The construction of the Erechtheion, the temple of Athena Polias, is well known thanks to the accounts. It was built in two phases. The first one took place between 421 BC and 415 BC, while the second was between 409 BC and 406 BC. The account is a precious document, which details the organization of the construction, the sculptors, and the wages. We can also find the names of two architects: Philocles of Acharnai and Archilochos of Agryle. The Old Temple of Athena Polias, destroyed by the Persians, retained its function as the Palladion of the goddess, which is a xoanon (wooden sculpture) fallen from the sky. This temple was definitely destroyed by a fire in 406, the Erechtheion then became the new temple of the goddess. The construction rests on the foundation of the Old Temple, which is a strong symbol: it rests on the vestiges of the past.
This zone on the Acropolis is a very dense religious zone. It shows the marks of the fight between Athena and Poseidon. The olive tree is against the West wall and the salted lake of Poseidon is in the back room of the temple. We can also find an altar dedicated to Zeus Upsistos (“Very High”), a sanctuary for Cecrops, as well as one for Pandrosus. The temple is composed of four rooms, and the first and biggest one must have been dedicated to Athena Polias. According to Pausanias, the three back rooms each have a different cult, with one to Erechtheus and Poseidon, one to Boutes (mythic king, Cecrops, was his ancestor) and the last one to Hephaistus. In the North porch, one of the ceiling’s cases is missing. This is not because we lost it with time, but because it was built that way. The architects wanted to remind everybody where Poseidon killed Erechtheus with his trident to revenge his son’s death. This mark is also shown on the floor, and a hole leads into the ground where Erechtheus is supposed to live. The opposite side, the South porch, is supposed to be Cecrops’ tomb. This religious density explains the complexity of the building.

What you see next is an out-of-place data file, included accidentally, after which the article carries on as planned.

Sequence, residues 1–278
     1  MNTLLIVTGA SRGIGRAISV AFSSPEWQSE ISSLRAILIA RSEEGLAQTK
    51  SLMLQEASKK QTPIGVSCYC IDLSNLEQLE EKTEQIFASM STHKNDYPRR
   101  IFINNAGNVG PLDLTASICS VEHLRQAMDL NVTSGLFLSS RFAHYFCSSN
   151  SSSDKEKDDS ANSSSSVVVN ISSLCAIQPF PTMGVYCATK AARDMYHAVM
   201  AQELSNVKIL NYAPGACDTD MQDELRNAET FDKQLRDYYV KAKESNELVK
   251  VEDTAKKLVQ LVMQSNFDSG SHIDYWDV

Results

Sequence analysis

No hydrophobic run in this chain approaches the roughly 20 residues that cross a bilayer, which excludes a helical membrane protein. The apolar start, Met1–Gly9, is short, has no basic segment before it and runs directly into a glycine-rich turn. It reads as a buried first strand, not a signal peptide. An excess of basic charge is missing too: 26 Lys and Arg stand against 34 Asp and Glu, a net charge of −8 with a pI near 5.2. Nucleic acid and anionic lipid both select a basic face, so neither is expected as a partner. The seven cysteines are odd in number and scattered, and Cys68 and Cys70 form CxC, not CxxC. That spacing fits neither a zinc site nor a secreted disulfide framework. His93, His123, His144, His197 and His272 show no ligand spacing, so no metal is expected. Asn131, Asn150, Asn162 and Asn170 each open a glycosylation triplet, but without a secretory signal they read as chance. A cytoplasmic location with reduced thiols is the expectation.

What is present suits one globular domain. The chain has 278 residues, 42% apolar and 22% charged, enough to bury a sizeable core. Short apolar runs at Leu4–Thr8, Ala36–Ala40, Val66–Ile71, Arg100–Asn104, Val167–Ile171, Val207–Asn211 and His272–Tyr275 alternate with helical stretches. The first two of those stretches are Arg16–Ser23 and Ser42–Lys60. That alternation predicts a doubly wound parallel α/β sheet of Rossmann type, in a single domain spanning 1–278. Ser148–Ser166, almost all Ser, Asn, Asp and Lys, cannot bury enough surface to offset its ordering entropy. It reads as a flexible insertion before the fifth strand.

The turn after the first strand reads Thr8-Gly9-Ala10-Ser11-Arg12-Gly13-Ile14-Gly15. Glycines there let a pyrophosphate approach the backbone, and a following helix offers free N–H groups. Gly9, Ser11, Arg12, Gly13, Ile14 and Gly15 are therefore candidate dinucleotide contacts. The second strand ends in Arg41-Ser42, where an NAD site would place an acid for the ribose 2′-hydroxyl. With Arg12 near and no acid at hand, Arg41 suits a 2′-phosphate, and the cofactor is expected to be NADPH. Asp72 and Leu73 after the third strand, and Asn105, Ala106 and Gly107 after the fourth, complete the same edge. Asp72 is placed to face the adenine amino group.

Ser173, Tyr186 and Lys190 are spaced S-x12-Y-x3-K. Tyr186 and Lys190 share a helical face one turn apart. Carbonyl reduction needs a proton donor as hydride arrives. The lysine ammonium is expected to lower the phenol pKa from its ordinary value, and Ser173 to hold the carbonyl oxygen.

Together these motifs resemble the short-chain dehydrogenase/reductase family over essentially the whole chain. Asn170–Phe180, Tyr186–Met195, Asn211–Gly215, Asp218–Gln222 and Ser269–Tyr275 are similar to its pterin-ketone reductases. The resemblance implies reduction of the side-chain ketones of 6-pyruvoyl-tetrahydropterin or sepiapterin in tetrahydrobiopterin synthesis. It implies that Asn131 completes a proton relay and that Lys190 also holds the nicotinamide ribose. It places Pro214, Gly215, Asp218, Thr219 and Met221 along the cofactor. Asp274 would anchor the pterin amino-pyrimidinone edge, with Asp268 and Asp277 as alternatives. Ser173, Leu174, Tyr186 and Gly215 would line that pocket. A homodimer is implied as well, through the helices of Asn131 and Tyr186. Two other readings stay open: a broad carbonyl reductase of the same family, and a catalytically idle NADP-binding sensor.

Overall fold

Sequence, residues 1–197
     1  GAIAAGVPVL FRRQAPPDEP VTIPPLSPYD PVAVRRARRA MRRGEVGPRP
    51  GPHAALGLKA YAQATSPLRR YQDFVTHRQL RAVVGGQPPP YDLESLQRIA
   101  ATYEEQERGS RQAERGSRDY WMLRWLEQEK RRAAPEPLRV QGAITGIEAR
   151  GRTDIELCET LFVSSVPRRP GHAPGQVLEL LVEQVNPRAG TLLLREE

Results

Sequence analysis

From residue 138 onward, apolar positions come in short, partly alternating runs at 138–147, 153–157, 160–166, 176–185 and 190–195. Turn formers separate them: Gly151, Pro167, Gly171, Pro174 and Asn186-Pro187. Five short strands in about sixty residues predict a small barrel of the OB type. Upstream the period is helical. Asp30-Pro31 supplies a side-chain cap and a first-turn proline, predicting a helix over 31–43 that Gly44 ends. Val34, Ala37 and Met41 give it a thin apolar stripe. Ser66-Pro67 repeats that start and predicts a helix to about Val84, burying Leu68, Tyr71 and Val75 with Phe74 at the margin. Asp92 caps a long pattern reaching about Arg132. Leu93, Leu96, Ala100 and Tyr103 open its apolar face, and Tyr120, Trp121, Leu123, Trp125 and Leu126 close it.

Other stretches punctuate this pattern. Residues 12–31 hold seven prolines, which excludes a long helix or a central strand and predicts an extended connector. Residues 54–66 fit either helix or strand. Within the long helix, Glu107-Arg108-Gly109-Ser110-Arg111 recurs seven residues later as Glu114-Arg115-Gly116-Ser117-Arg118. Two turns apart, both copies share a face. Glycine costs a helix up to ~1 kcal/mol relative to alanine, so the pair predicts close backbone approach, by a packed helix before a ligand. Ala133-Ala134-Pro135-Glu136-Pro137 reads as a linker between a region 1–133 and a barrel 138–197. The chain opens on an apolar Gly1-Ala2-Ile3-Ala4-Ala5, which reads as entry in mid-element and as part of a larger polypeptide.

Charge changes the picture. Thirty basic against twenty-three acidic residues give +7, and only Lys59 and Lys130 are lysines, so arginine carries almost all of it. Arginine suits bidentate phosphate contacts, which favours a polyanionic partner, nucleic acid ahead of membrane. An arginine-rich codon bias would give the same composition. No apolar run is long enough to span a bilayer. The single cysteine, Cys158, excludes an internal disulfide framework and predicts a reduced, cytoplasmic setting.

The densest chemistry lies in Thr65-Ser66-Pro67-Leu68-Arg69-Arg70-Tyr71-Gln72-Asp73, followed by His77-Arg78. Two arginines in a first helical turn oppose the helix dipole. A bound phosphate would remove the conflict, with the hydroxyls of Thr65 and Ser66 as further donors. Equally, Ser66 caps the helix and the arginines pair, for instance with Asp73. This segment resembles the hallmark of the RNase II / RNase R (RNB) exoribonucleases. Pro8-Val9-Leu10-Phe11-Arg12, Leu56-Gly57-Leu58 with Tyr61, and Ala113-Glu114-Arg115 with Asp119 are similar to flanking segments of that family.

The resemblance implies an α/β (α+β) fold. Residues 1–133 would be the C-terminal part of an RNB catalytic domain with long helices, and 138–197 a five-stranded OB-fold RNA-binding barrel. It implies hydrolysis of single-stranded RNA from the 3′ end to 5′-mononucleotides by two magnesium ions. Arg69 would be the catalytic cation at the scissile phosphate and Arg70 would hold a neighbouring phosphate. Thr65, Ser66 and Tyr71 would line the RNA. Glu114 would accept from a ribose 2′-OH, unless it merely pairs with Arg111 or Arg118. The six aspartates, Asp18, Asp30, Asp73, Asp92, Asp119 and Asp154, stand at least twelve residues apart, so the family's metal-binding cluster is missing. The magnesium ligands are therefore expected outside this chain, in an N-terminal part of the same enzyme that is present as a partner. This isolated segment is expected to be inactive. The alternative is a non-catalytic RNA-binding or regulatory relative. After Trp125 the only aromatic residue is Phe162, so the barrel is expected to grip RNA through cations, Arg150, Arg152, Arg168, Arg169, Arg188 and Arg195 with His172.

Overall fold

The East wall is like the other temples’ entrances. It is prostyle (free standing columns), hexastyle (6 columns) and belongs to the ionic order. The West side is more complicated. It is tetrastyle (4 columns) with a retaining wall, a door to go into Cecrops’ sanctuary, and two outgrowths. The retaining wall was hidden by the surrounding wall of Pandrosus’ sanctuary, which dispelled the feeling of a fake entrance. The four columns are linked together by a short wall, and in 409-408 they added a wooden fence on four spaces in between columns, while the fifth one probably contained the golden lamp from Callimachus.
At the top of the walls, the decorations are composed of lotuses, palmettes, astragals, and an egg-and-dart frieze. Then there is an architrave in three bands topped with an egg-and-dart and astragals molding. Over this decoration, we can see the sculpted frieze. The background is made of Eleusis marble, which is blue-grey, and the characters are made of Pentelic marble, which is white and shines under the sunlight.
The main access to the western part is in the North porch. There are two doors, and the one on the right has no decor and goes directly in Pandrosus’ sanctuary. The other door is the best example of the Greek monumental door. It has been restored twice, so only the left side shows the original work. This porch is a the cult place for Erechtheus, therefore this porch gives its name to the whole building.
On the other side, the southern one, there is the porch of the caryatids. It marks the location for Cecrops’ tomb, the first king of Athens. This porch is very narrow, and a staircase takes all the space in the back. Six caryatids (maidens with an architectural function) hold the entablature without a frieze but with an architrave in three bands. On the external side, there is a cavity in the wall. It is not designed to be used as an entrance but it was probably to give offerings. The caryatids indicate the function, since they are khoephoroi, which means “offerings holders”.